On December 21, 2012, ALJ David P. Shaw issued the public version of Order No. 49 (dated November 21, 2012) ruling on motions to strike expert reports and preclude evidence in Certain Gaming And Entertainment Consoles, Related Software, And Components Thereof (Inv. No. 337-TA-752).
By way of background, the investigation is based on a complaint filed by Motorola Mobility, Inc. and General Instrument Corporation (collectively, “Motorola”) alleging violation of Section 337 by Respondent Microsoft Corp. (“Microsoft”) for its importation into the U.S. and sale of certain models of Microsoft’s popular Xbox product. See our November 24, 2010 post for more details. On April 23, 2012, ALJ Shaw issued an initial determination (“ID”) which found that a violation of Section 337 occurred by reason of infringement of certain valid claims of U.S. Patent Nos. 5,357,571; 6,069,896; 6,980,596; and 7,162,094. See our May 24, 2012 post for more details on the public version of the ID. On June 29, 2012, the International Trade Commission (the “Commission”) issued a notice determining to review the final initial determination (“ID”). Specifically, the Commission remanded the investigation to ALJ Shaw to “apply the Commission’s opinion in Certain Electronic Devices with Image Processing Systems, Components Thereof, and Associated Software, Inv. No. 337-TA-724, Comm’n Op. (Dec. 21, 2011).” See our July 3, 2012 post for more details on the Commission’s notice to review the ID.
Motorola filed a motion seeking an order to strike the two “Contingent Expert Reports” served by Microsoft and to preclude Microsoft from presenting testimony and evidence concerning invalidity allegations at the upcoming remand hearing. Motorola argued that its motion should be granted because “they do not relate to any issue that is reasonably within the scope of these remand proceedings under Electronic Devices.” In opposition, Microsoft asserted that it would a “gross error” to allow Motorola to relitigate issues presented in their expert reports without permitting Microsoft the opportunity to raise its defenses. ALJ Shaw held that Microsoft’s expert reports and invalidity allegations are not directly related to a holding in the Commission’s Electronic Devices opinion. Accordingly, ALJ Shaw denied the motion.
Microsoft also filed a motion seeking an order to strike five of Motorola’s expert reports. Microsoft argued that the five expert reports are an attempt by Motorola to relitigate indirect infringement claims that have already been resolved. In opposition, Motorola asserted that their “approach to the Investigation was informed by the pre-Electronic Devices prevailing approach to establishing violation of method claims.” ALJ Shaw held that each of the reports contains subject matter “directly related to a holding in the Commission’s Electronic Devices opinion.” Accordingly, ALJ Shaw denied Microsoft’s motion.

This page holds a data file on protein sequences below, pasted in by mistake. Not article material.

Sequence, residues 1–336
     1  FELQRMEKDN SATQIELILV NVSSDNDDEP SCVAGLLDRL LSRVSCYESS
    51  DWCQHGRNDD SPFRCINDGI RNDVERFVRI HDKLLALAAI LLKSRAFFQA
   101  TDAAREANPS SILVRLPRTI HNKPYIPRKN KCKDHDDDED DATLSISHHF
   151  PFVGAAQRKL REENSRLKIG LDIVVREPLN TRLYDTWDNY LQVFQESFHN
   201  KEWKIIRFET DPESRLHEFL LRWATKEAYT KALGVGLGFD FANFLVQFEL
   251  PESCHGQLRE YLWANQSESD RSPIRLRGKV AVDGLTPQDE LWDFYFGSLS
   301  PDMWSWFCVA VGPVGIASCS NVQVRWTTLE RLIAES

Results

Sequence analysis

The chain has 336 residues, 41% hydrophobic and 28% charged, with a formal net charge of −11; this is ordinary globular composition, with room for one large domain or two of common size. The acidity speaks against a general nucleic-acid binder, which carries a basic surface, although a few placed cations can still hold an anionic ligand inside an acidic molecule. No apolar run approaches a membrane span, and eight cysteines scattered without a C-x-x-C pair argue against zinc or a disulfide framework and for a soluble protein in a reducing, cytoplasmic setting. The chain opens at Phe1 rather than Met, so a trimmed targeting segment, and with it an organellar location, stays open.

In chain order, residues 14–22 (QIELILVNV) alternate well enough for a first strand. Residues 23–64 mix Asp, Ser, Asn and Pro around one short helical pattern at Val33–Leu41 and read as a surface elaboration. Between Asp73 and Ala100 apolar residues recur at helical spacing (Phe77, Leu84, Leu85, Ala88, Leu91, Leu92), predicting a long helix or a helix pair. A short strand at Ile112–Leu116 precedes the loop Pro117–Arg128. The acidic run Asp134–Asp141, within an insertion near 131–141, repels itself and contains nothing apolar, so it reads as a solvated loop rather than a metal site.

In addition, Microsoft filed a motion seeking an order to strike the expert report of Dr. R. Sukumar. Microsoft argued that Dr. Sukumar was not disclosed until October 12, 2012 despite the fact that identification of experts was due on April 25, 2011. In opposition, Motorola asserted that the procedural schedule leading up to the remand hearing did not have a deadline for identification of experts. ALJ Shaw agreed with Motorola and, accordingly, denied Microsoft’s motion.
Further, Motorola filed a motion seeking an order to strike the contingent expert rebuttal report of James T. Geier and to preclude Microsoft from presenting evidence concerning alleged substantial non-infringing uses. Motorola argued that Microsoft refused to provide discovery regarding the alleged substantial non-infringing uses and, therefore, Motorola would be prejudiced if the expert report was allowed. In opposition, Microsoft asserted that the Mr. Geier’s expert report is merely a supplemental rebuttal exert report directly in response to Motorola’s expert, Dr. Madisetti. ALJ Shaw agreed with Microsoft and, accordingly, denied Motorola’s motion.
Lastly, Microsoft filed a motion seeking an order to strike the Second Supplemental Expert Report of Dr. Vijay K. Madisetti. Microsoft argued that Dr. Madisetti’s expert report was served “almost two weeks after the deadline for final supplemental rebuttal expert reports and on the date of the close of discovery.” Further, Microsoft asserted that Dr. Madisetti’s expert report was a “sur-rebuttal report” which was not permitted by ALJ Shaw’s procedural schedule. In opposition, Motorola argued that neither ALJ Shaw’s procedural schedule nor the Ground Rules prohibited the filing of sur-rebuttal reports. ALJ Shaw held that Dr. Madisetti’s expert report addresses the opinions expressed in Mr. Geier’s expert report. Accordingly, ALJ Shaw denied Microsoft’s motion.